Of the 31 chapters of Proverbs, chapter 3 is probably one of the most quoted chapters in the book. Proverbs 3:5 has become a staple for what you would call “coffee cup” verses—placed on items, hung on our walls, and in various places to remind us to trust the Lord. While this is one of my favorite personal verses, I believe without the study of the whole text, the verse in itself can become stale and even misconstrued.
Proverbs 3 is a beautiful letter which begins with the words “my son”. This shows us that this portion of Scripture isn’t necessarily a command, but it is written out of a deep, personal love for the recipient. It is a divinely inspired love letter, not only written to this recipient, but meant for us as well. The words of Scripture are deeply personal, and they are meant to be bathed with a tone of compassion and of wisdom of someone who lives out the words on the paper.
There are 5 commands overall in Proverbs 3 in which we can listen to, benefit from, and that will bring us closer to God. Though the Scriptures aren’t written about us, our actions point others and ourselves to God, our Creator. These five points help us in our daily walk.
The First Command: Remember
We aren’t to merely just read Scripture and go on. The teachings of the Lord are God-breathed, and we are to not only read words placed on the paper, but we are to do what we can to keep the commands placed in Scripture tucked into our hearts. We need to do what is necessary to memorize scripture and to practice it in our daily lives. The writer of Proverbs even metaphorically says to tie them around our neck and write them on the tablet of our hearts (Proverbs 3:3).
How do we do this? I have several ways I like to memorize Scripture. I place Scripture around my house, sometimes using a dry erase marker to write various scripture on my mirrors so that I see it and am aware of it. Another effective way to memorize Scripture is to simply listen to it. There are many great audible Bible apps, even ones that keep music behind them for those of you like me who need music to do anything. Writing Scripture down and focusing on passages slowly, meditating on them, and praying them are also surefire ways to help Scripture be engraved on the tablets of your heart.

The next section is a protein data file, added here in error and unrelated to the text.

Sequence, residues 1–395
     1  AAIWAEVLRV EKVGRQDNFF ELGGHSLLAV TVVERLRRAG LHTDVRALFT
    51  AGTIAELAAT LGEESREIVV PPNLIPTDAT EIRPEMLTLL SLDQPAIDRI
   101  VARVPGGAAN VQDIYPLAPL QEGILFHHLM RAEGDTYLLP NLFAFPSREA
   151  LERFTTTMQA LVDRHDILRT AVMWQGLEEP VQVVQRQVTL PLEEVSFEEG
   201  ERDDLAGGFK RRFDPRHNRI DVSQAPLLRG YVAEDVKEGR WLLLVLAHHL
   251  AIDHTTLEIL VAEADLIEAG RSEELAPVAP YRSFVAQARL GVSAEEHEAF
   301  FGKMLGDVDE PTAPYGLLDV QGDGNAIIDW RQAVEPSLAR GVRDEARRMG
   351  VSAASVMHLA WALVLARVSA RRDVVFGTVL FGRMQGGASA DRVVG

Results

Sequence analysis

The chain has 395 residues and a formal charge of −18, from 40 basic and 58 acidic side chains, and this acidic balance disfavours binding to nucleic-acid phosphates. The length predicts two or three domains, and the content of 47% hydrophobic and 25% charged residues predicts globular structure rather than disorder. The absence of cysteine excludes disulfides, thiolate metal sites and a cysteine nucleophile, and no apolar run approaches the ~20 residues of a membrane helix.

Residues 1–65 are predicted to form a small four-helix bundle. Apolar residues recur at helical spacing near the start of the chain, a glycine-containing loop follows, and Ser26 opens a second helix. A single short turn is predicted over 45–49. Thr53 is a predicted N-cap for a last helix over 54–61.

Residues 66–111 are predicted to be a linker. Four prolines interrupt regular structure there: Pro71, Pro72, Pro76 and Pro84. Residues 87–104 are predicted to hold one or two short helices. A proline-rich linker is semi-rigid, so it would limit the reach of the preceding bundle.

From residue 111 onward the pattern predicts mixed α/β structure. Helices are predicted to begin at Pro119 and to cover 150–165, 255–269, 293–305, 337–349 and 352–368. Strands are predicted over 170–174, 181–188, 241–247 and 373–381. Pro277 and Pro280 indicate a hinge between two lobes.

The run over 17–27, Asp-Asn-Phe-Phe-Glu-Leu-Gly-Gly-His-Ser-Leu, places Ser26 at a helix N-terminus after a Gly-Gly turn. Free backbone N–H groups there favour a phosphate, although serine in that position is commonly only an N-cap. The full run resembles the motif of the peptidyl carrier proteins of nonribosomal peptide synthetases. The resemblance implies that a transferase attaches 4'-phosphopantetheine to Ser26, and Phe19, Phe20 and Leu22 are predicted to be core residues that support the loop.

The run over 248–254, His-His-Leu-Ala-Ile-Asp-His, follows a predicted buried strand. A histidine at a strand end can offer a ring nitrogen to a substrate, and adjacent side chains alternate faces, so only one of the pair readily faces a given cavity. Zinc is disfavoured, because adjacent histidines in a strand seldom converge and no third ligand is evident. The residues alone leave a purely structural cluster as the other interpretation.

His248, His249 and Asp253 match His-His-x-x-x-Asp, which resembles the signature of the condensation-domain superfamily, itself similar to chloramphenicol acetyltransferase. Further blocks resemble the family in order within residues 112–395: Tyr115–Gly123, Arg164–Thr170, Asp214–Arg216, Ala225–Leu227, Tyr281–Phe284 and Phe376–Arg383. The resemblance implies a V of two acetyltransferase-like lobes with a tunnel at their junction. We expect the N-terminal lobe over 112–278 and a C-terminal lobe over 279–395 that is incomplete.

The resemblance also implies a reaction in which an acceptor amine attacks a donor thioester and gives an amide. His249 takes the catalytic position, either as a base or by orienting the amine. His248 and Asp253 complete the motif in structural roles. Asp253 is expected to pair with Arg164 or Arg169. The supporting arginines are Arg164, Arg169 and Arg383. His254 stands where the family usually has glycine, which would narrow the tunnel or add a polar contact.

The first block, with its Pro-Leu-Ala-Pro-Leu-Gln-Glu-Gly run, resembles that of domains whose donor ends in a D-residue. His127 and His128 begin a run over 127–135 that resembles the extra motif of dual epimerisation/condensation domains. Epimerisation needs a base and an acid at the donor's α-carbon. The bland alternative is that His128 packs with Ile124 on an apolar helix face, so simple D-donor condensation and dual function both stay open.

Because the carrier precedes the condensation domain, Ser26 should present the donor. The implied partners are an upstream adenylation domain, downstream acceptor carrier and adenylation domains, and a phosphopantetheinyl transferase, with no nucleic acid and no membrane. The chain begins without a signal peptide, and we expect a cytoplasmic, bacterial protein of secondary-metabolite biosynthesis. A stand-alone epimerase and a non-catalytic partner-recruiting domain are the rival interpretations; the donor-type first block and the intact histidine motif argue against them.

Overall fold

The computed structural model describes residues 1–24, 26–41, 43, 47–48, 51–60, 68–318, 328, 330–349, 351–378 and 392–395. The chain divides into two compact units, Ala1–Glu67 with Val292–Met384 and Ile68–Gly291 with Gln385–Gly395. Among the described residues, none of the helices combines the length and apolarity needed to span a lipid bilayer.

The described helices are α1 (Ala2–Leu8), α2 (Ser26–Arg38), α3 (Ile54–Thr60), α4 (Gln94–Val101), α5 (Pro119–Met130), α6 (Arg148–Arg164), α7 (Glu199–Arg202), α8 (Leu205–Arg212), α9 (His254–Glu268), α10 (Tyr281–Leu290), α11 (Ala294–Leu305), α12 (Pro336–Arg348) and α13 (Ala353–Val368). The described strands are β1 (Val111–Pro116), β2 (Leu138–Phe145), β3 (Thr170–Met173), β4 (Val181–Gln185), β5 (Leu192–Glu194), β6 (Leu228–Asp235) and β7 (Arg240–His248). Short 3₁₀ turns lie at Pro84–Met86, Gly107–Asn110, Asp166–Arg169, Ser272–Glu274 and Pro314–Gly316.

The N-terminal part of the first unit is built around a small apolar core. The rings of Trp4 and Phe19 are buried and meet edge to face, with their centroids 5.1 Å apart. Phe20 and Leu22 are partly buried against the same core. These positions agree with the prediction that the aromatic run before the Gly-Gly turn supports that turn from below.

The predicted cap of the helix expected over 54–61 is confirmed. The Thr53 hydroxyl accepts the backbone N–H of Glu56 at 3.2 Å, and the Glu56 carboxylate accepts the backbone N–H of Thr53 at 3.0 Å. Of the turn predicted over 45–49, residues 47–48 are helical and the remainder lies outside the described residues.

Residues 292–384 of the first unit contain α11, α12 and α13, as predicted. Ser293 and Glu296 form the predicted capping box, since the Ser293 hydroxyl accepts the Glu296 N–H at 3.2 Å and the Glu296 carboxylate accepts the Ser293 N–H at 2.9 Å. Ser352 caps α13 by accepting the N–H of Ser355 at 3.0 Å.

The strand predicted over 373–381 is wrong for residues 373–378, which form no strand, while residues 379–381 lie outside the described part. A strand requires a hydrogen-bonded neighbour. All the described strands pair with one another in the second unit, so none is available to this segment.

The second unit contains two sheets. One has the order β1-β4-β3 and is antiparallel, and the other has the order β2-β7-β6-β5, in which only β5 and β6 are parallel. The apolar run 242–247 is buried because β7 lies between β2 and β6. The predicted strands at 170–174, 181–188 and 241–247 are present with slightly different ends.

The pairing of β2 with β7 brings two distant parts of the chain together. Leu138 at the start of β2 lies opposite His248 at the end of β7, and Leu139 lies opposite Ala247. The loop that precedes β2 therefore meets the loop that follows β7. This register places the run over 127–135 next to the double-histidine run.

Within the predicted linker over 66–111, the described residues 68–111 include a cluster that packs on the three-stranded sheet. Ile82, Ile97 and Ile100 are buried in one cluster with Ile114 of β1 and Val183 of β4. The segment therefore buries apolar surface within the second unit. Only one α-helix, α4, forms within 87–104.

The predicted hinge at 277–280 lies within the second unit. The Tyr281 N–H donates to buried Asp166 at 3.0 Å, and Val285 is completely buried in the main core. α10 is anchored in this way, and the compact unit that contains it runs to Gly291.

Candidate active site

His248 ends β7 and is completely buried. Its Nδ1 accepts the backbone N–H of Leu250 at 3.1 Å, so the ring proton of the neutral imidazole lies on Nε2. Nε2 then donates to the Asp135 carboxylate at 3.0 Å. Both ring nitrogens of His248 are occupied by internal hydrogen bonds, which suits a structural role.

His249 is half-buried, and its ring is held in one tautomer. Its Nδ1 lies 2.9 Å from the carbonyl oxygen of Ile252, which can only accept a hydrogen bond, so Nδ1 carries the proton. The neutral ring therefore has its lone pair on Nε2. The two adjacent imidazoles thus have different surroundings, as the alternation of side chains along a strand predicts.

The Second Command: Trust
The most well known verse in this chapter is Proverbs 3:5. It states, “Trust in the Lord with all your heart, and do not rely on your own understanding.” If we stop there, however, our trust will be without foundation. The writer continues in verse 6 to “acknowledge Him in all your ways.” Are we acknowledging Him in our daily activities, our finances, and our workplaces? When we acknowledge all things through a heavenly lens, we see that God will guide us on a path straight. We need to rely on the Lord’s wisdom, not our own. It says in verse 8 when we do this, there will be healing for our bodies and strength for our bones. We trust and honor God in all things, and He will continue to sustain us.
The Third Command: Do Not Despise the Lord’s Discipline
This is an obvious command which is also reiterated in the book of Hebrews (Hebrews 12:5). I think I would be more worried if the Lord didn’t discipline me. To show the Lord’s discipline is to show He loves us, like a parent is teaching us how to grow to be more like Him. This process is called sanctification. It’s a beautiful thing because God will continue to mold, shape, and grow us until the day of completion (Philippians 1:6).
The Fourth Command: Confidence
The fourth command is found in Proverbs 3:26, and it ties into trusting the Lord. Sometimes, our sight is short, however, we have to remember to let the Lord be our confidence. Things aren’t always going to be plain and easy to see right in front of us; we are going to have times where we are afraid or we feel inadequate. Honestly, it is a blessing to feel these things because it makes us aware of how much we need the Lord. In Jesus, there is strength, confidence, and rest for our souls.
The Fifth Command: How We Treat Others
Living a God-centered life definitely doesn’t mean living a man-centered one, especially when we are commanded to love those who might be a bit more difficult to love. To treat others fairly means to love our neighbors as ourselves. The writer even says in verse 27, when it is in your power, don’t withhold good from the one whom it belongs. We are told not to envy violent men, and devious people are detestable to the Lord. We have obligations as children of God to treat others in an honorable manner, no matter how difficult it may be, because we are a reflection of God’s children, and God does notice how we treat people (Proverbs 3:34-35).
Proverbs 3 is a goldmine of wisdom. If we stop at verse 3:5, we miss out on so much more wisdom that was penned thousands of years ago. God’s wisdom is practical, and God’s wisdom is a treasure. Never lose sight of it—memorize His word, allow yourself to grow, and remember to treat others in a manner reflective of children of God. The Lord is faithful, and His Word endures forever.